Depression and Fatherhood Gave Me a Choice, “Get Busy Living, or Get Busy Dying”

Yes, I shamelessly stole borrowed Andy Dufresne’s observation for my headline. Doesn’t make it untrue.

One sunny summer’s day I was sitting on the beach on Lake Huron “reading the news” on my tablet. The boys were running around laughing, playing with the joy and innocence of childhood.

Splashing in the shallows.

Shooting water guns.

Damming up the little streams.

Making sand castles and stomping them down.

I was basking in the warm joy of fatherhood, but I wasn’t really reading. I was surreptitiously filming the boys while pretending to read, capturing their innocence in its purest form.

I don’t know how long I sat there. I don’t care.


Time is our most limited resource; we have a certain amount and every second gone, is gone. Irreplaceable. Irrecoverable. Time ought to be precious, but it’s not, and we shamelessly waste it.

We live in a time of plenty. We can put a roof over our heads, clothes on our backs and food on our tables with minimal effort, at least compared to previous generations.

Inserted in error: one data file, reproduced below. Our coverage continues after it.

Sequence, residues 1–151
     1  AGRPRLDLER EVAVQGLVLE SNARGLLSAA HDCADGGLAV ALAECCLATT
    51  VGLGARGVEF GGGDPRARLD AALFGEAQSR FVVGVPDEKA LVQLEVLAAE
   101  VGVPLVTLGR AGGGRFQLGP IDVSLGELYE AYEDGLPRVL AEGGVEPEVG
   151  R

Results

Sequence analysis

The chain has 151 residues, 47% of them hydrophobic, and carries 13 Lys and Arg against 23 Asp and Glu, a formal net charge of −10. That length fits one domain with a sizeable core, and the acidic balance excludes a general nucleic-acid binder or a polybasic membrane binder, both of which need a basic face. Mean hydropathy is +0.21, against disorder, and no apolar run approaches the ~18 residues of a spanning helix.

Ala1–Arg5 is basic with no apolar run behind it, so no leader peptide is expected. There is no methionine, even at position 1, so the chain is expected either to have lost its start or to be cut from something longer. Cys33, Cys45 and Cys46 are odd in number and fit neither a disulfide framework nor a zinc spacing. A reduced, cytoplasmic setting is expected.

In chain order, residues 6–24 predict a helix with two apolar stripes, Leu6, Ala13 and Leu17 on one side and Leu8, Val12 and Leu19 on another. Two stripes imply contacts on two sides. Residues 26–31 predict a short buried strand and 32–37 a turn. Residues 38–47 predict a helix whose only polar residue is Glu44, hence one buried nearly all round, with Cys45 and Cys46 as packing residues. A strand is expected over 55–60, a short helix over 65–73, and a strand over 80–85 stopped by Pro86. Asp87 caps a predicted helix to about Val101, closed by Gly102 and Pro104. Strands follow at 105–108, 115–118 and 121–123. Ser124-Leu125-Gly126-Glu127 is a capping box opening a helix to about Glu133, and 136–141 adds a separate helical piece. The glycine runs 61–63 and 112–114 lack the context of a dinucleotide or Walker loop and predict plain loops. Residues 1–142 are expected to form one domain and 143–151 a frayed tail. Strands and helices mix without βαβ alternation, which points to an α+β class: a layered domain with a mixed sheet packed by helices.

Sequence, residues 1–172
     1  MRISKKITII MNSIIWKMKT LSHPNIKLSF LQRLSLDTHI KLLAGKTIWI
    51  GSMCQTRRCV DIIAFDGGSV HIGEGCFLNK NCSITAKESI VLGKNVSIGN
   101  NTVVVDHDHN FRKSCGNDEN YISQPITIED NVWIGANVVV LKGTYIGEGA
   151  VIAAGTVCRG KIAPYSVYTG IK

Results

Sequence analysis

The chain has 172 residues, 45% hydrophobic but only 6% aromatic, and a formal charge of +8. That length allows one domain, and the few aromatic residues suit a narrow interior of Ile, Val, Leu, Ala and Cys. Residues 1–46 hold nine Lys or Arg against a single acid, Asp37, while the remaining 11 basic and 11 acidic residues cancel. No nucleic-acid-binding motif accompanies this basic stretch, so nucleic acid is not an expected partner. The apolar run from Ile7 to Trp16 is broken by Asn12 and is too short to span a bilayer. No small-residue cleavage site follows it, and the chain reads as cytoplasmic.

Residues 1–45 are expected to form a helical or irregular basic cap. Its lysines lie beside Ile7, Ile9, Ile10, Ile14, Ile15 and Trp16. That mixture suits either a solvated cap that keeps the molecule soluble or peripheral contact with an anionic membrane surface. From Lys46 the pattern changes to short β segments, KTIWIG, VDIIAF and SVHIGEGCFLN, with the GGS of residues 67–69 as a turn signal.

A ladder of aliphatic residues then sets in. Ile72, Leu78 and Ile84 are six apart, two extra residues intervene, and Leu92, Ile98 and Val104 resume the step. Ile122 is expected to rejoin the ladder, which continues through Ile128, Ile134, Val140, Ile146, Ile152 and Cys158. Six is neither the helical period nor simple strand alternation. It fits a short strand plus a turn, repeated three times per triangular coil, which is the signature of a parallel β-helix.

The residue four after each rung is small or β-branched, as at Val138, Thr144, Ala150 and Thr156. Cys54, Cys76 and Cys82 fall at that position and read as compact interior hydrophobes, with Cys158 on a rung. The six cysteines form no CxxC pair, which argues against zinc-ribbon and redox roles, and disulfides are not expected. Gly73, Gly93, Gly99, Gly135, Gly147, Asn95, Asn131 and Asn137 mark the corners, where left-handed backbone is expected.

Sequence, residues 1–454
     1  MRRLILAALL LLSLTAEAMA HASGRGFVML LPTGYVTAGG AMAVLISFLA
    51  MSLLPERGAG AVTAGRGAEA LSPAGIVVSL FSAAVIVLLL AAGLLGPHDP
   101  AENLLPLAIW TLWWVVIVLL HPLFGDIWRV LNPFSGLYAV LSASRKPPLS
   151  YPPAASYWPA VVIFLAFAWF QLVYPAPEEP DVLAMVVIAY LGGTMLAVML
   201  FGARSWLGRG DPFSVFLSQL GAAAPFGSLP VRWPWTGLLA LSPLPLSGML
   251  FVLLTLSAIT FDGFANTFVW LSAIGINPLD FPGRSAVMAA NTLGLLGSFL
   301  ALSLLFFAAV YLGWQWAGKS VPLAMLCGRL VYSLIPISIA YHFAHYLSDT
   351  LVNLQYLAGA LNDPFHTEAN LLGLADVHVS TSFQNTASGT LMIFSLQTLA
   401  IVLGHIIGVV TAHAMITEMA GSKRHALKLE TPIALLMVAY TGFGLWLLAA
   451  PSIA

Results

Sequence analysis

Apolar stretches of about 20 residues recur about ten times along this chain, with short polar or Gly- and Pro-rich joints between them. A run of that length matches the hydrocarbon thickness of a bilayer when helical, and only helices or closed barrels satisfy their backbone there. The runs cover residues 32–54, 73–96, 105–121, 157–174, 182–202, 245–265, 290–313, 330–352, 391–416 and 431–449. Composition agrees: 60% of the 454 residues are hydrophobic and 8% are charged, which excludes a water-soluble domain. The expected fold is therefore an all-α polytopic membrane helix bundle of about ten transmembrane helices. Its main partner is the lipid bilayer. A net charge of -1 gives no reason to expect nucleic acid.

So we have a lot of spare time, and entire industries devoted to spending it.

  • Can you honestly say watching sportsball is a useful way to spend your time?
  • Or watching the third crappy cinematic reboot of a comic book franchise?
  • Binge watching Netflix?
  • Scrolling Instagram, or YouTube, or Twitter, or Facebook, or…?

No, time is not precious.

Moments are precious.


The years pass and I look back. So much of my time has been lost to the Grey Mist, time I have filled with meaningless activities to get through the next second, minute, hour, day. Time spent sitting, waiting, praying for death to release me.

But I also have moments.

  • The moment she said, “Yes.”
  • The day I looked at my breathtakingly beautiful bride and promised, “I will, until death do us part.”
  • The first time I held your newborn son and stared into his beautiful, black eyes, and promised, “I will be there, forever.”
  • That early July afternoon, watching the boys frolicking in the boundless joy of childhood.

Yes, I have had moments. I want more.

I want more times when the Grey Mist parts, the depression lifts, and I feel alive.

Looking back to moments like this, I am inspired. Inspired to try harder to tame the demons, to transform myself, to not just exist because dying would hurt my sons. My wife. My family. My friends.

To transform myself so that I am living.

Andy’s full quote is:

I guess it comes down to a simple choice, really. Get busy living or get busy dying.

I choose to get busy living.